For the Love of Frank Castle: Fearlessly Black’s Review of Marvel’s The Punisher

by Hodan Hassan

What is it to be a hero? Is it only about saving people, or is it about saving people while trying to save yourself from your past or your demons? Jon Bernthal’s performance as Frank Castle is like no hero I’ve ever seen before. He’s dark, tragic, and belligerent.

The Punisher is a Marvel comic, adapted for TV by Netflix as a spin-off from their Daredevil series (watch it before the internet dies!). It’s the story of Frank Castle, a man who lost his wife and two young children to what seemed like a government-vs-drug dealer shootout during which he was shot in the head, execution style, and left for dead.

After nearly dying, he woke to a fate worse than death: reliving the moment his family was killed over and over again. In this constant state of agony, Castle decides to kill anyone who had a hand in his family’s death.

Intrigued? Good! It’s a heart-pounding and violent story of a man looking for justice the only way he knows how, with a gun in his hand and vengeance in his heart. This story is about loss, devastation, revenge, and love: the kind of consuming love that’s devastating to the core when lost. It is about love, losing love, and recovering the ability to love again.

Frank Castle’s family died because of someone else’s greed. Castle took bloody revenge on those who took them from him. In the process, he learns that betrayal seems to always come from those who we love and trust the most. The person who is solely responsible for the death of the Castle family, in my opinion, is Billy Russo, Castle’s best friend from the Marines. They served together and bonded as brothers through the horrific things they saw and did.

Billy Russo is a broken man: his mother gave him up when he was young, and he was alone for most of his life until he met Frank Castle and his family. Russo spent most of his life feeling alone, not finding his place in life, and searching for meaning in money, cars, women, and clothes instead of his friends. Russo is a complicated character and Ben Barnes plays him remarkably well.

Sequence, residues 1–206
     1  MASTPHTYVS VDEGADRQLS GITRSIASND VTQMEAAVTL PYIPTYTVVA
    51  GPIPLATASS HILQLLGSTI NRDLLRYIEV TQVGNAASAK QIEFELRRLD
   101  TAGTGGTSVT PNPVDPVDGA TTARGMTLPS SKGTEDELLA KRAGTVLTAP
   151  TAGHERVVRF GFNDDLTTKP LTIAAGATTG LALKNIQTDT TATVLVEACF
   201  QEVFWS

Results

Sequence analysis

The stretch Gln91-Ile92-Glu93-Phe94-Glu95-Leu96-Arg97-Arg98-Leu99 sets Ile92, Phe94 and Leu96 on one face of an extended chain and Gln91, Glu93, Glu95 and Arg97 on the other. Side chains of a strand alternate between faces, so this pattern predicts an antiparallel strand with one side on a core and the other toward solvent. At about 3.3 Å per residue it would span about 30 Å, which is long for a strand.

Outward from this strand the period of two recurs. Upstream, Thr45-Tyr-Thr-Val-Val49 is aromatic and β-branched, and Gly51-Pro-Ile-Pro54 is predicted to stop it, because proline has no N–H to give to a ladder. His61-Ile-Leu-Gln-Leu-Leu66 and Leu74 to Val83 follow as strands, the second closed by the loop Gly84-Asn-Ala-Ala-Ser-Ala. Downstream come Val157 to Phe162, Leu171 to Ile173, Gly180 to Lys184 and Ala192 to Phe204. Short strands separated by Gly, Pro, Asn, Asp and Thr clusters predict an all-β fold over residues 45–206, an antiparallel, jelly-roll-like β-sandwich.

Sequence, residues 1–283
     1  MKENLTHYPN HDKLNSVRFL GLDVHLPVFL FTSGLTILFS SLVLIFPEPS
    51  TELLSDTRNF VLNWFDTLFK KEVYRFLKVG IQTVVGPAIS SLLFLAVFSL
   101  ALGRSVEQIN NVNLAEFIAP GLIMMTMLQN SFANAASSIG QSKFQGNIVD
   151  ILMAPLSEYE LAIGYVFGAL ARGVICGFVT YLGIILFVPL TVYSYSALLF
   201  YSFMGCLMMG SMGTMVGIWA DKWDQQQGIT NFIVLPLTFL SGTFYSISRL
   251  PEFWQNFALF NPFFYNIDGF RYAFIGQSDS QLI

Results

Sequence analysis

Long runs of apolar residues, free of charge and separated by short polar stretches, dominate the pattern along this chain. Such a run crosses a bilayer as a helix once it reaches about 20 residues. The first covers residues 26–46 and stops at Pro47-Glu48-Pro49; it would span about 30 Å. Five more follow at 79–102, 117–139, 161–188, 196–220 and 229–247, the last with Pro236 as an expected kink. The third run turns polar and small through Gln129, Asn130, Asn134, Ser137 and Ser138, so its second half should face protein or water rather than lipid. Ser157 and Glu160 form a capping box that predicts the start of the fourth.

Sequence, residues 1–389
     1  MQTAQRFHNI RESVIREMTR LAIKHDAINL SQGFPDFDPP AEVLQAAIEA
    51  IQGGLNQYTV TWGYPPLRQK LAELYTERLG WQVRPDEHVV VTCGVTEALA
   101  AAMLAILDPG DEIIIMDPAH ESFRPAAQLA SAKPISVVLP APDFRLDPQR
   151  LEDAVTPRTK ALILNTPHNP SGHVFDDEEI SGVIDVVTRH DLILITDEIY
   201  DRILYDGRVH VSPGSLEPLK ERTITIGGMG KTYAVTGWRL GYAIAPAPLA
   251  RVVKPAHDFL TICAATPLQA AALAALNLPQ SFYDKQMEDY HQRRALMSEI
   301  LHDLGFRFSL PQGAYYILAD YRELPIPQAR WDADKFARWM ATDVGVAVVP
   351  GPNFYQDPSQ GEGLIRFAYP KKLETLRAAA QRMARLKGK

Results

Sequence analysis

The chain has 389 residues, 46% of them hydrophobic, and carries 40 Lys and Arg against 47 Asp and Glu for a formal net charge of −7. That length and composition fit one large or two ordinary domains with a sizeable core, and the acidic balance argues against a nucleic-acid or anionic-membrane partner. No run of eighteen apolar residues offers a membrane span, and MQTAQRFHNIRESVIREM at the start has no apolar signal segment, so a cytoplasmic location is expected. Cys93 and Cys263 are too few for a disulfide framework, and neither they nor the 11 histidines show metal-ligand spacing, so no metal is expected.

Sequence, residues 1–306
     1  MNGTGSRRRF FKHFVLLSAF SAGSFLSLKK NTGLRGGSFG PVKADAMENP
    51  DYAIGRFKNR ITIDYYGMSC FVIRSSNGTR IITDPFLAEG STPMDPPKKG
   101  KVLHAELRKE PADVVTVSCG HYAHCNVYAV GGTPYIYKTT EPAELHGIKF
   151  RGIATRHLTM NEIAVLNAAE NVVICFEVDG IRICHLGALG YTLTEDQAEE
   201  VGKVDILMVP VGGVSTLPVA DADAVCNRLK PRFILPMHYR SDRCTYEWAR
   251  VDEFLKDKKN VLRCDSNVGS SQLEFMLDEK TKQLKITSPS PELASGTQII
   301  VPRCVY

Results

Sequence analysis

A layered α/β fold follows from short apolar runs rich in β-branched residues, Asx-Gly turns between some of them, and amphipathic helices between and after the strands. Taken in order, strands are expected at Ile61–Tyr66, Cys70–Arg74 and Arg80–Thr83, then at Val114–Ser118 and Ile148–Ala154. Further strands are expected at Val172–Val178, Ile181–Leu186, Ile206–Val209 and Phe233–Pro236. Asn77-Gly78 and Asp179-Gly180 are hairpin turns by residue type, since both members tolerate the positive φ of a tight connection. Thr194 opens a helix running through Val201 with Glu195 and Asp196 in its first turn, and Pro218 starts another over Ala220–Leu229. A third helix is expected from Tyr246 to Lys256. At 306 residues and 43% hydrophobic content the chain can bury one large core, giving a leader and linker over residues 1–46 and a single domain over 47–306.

Eventually, Castle begins to feel something again, something other than bitter hate and coldness. He begins to care for Karen Page, a legal secretary turned reporter who worked on Frank’s case in Daredevil Season two. Karen becomes someone Frank really cares about, who he protects. This was the biggest miracle of all: that a man so emotionally damaged, who never thought he would care about anything other than death, stepped in front of a bullet to save her.

Throughout Daredevil(you watched Daredevil right?)  season two and Punisher’s first season, it is clear that Karen is getting under Castle’s protective emotional barriers. There is a moment in the hospital room, when she’s talking with him about his family, asking him to tell her what happened so she can fill in the missing clues, that we get a glimpse of the real Frank Castle, the man he used to be before the tragedy. As he shares what he remembers, and tells her about his children, Frank Jr. and Lisa, he’s letting her in. She’s sharing a bit of herself with him, too. All their interactions have chemistry and trust: she trusts him to always tell the truth and protect her, and he trusts her to have his back and show him he needs a plan for after his revenge.